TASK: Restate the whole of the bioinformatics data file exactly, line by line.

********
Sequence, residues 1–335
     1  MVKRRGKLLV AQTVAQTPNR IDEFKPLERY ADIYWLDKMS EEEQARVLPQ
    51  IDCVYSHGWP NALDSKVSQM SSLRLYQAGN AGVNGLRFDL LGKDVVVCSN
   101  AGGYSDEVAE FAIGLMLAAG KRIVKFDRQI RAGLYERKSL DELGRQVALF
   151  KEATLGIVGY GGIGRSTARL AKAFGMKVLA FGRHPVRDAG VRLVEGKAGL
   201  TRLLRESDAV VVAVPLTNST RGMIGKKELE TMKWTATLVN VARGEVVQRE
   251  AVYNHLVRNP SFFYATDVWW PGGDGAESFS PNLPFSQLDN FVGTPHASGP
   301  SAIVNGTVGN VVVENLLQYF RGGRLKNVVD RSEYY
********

Sequence, residues 1–335
     1  MVKRRGKLLV AQTVAQTPNR IDEFKPLERY ADIYWLDKMS EEEQARVLPQ
    51  IDCVYSHGWP NALDSKVSQM SSLRLYQAGN AGVNGLRFDL LGKDVVVCSN
   101  AGGYSDEVAE FAIGLMLAAG KRIVKFDRQI RAGLYERKSL DELGRQVALF
   151  KEATLGIVGY GGIGRSTARL AKAFGMKVLA FGRHPVRDAG VRLVEGKAGL
   201  TRLLRESDAV VVAVPLTNST RGMIGKKELE TMKWTATLVN VARGEVVQRE
   251  AVYNHLVRNP SFFYATDVWW PGGDGAESFS PNLPFSQLDN FVGTPHASGP
   301  SAIVNGTVGN VVVENLLQYF RGGRLKNVVD RSEYY